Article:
What parents need to know
Parents Need to Know
Parents need to know that this is a touching family drama wrapped in an intense "David vs. Goliath"-style fight. The movie deals with some weighty issues that most younger kids won't fully understand: the conflicted relationship between fathers and sons, the estrangement of brothers, alcoholism, and the willingness of a husband and father to do whatever it takes to help his family. The movie's many mixed martial arts sequences are fast and furious and feature a lot of beatdowns, but no one is killed -- just down for the count. There's some profanity ("s--t," "ass," "goddamned," etc.) and some marital intimacy (two bathroom conversations with the couple half-dressed, and a kiss or two), but otherwise it's really only the themes and violence that make this movie an iffy pick for younger viewers.
What's the story?
Troubled Iraq vet Tommy (Tom Hardy) returns home for the first time in more than a decade with one purpose -- to get back in the "cage" of mixed martial arts and provide for a fallen fellow Marine's family. A former wrestling prodigy, Tommy asks his father (Nick Nolte), a recovering alcoholic, to train him for Sparta: a high-profile, winner-takes-all competition with a $5 million purse. Meanwhile, Tommy's estranged brother, Brendan (Joel Edgerton), a former UFC fighter turned physics teacher, realizes that he must also get back in the cage to raise much-needed money to save his home. An unexpected opportunity allows Brendan to join his fierce younger brother in the single-elimination tournament ... but before meeting in the ring, they must face their troubled past.
Is it any good?
Director Gavin O'Connor has created a perfect vehicle for two of Hollywood's most compelling imported actors: English scene-stealer Hardy and Aussie leading man Edgerton. Both are positively amazing in this film, but they personify completely opposing cinematic types. Hardy's Tommy is the aloof champion with a tortured soul, and Edgerton's Brendan is the scrappy underdog who will stop at nothing to keep his family intact. The brothers are like two suns, with the other characters orbiting around one or the other and the audience left figuring out whom is more deserving of their loyalty.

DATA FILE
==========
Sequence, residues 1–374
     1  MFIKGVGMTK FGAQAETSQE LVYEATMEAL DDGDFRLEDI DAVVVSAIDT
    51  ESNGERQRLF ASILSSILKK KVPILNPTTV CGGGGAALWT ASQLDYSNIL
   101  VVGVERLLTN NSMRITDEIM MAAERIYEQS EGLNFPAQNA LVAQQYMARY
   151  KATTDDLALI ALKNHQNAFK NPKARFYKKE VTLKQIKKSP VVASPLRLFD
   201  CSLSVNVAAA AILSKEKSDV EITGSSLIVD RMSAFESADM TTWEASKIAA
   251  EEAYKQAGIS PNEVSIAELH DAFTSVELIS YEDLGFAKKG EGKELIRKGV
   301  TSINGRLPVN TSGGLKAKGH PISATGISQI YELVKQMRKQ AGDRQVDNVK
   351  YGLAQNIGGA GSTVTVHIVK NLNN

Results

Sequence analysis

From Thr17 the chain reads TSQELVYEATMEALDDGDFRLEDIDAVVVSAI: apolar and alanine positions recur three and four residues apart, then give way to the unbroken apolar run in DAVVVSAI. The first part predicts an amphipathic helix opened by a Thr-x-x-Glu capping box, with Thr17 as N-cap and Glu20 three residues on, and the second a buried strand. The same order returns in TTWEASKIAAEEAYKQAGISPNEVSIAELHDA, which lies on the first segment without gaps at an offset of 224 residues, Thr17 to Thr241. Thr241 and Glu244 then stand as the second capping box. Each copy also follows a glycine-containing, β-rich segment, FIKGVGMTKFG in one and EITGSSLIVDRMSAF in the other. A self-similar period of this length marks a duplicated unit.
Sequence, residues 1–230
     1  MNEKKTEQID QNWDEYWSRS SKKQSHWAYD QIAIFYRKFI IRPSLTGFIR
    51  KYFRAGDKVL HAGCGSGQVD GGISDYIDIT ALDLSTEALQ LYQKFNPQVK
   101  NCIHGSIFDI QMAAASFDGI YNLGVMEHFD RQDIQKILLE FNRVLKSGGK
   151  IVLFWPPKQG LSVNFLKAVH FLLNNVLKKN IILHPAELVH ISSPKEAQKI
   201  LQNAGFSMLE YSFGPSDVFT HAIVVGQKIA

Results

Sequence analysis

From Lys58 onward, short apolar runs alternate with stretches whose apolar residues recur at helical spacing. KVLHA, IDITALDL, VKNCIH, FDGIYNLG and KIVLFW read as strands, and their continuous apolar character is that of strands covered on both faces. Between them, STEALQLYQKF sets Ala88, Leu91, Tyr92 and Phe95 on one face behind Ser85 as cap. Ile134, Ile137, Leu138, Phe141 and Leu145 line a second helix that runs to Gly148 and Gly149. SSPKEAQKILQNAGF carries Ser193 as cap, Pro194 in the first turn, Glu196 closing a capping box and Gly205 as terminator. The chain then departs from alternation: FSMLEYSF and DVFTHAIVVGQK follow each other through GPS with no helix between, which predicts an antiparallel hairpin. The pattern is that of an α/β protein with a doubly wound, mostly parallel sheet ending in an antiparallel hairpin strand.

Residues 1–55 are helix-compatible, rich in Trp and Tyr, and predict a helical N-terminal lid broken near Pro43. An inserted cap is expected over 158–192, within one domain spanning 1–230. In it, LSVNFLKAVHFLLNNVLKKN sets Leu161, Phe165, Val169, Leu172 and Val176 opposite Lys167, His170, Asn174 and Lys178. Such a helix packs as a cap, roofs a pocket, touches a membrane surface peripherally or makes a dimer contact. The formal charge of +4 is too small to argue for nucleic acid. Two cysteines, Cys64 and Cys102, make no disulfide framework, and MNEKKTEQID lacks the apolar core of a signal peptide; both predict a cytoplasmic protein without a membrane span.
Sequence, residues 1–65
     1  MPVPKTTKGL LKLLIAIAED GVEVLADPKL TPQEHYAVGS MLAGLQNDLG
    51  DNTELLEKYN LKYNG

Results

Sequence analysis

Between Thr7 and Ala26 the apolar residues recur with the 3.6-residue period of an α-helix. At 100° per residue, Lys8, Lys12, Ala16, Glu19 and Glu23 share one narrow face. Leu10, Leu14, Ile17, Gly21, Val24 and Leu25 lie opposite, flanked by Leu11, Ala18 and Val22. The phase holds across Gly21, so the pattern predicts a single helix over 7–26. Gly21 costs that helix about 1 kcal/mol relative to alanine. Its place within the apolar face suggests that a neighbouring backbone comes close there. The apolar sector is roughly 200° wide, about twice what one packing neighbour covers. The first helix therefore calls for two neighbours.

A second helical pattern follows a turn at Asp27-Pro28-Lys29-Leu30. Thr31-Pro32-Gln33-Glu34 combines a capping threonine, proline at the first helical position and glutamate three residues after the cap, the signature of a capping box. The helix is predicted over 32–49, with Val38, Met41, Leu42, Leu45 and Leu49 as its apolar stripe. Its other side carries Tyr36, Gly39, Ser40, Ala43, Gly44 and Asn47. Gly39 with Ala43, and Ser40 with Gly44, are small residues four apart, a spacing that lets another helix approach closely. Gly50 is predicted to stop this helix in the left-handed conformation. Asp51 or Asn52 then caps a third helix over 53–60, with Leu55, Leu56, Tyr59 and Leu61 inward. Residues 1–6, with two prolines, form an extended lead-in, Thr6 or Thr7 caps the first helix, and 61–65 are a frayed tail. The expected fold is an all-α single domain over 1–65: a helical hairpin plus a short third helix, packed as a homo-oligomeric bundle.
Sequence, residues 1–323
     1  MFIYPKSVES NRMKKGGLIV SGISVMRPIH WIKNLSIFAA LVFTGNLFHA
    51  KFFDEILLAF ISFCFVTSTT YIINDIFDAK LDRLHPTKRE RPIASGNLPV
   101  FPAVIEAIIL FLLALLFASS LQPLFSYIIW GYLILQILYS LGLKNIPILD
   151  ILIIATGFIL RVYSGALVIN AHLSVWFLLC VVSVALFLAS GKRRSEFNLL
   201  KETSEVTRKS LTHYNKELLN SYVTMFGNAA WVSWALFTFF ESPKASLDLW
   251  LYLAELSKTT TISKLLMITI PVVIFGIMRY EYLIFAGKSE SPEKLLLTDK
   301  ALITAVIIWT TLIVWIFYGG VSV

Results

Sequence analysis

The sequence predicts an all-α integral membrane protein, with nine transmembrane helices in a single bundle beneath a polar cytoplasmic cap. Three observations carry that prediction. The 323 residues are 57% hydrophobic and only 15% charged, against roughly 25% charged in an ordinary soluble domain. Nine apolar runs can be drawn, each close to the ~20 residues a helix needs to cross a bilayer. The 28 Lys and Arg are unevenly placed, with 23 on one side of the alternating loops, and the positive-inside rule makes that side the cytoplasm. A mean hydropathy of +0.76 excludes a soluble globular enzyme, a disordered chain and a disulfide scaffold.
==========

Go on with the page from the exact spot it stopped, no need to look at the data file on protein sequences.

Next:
Both men are flawed, but the director tips the balance in Brendan's favor by showing his circle of supporters: an inspiring coach (Frank Grillo) who uses Beethoven's music to keep his fighters calm in the cage; a beautiful, loving wife (House alum Jennifer Morrison); and a classroom of awed high-school students who can't help but cheer for their science teacher. Nolte is also a revelation, his croaky voice underscoring Paddy's tremendous sadness at having alienated both of his sons. Despite all of the movie's thrilling MMA sequences, this is ultimately a poignant family drama where it's brotherly love, not millions of dollars, that's at stake.
Families can talk about...
Families can talk about the film's violence. How does the mixed martial arts (MMA) style of fighting compare to straight boxing or professional wresting? Which is more violent?
How does the movie portray father-son relationships? Is the father a sympathetic character or a pathetic one? Do his sons come off as justified in their treatment of him?
Tommy and Brendan aren't typical movie brothers. How do they differ from other competitive brothers? Which brother is more likable -- the champion or the underdog?
Brendan is a beloved high-school science teacher. Is his relationship with his students believable? Would you root for a teacher in a similar situation?
|Theatrical release date:||September 9, 2011|
|DVD release date:||December 20, 2011|
|Cast:||Joel Edgerton, Nick Nolte, Tom Hardy|
|Topics:||Sports and martial arts|
|Run time:||139 minutes|
|MPAA explanation:||sequences of intense mixed-martial arts fighting, some language and thematic material|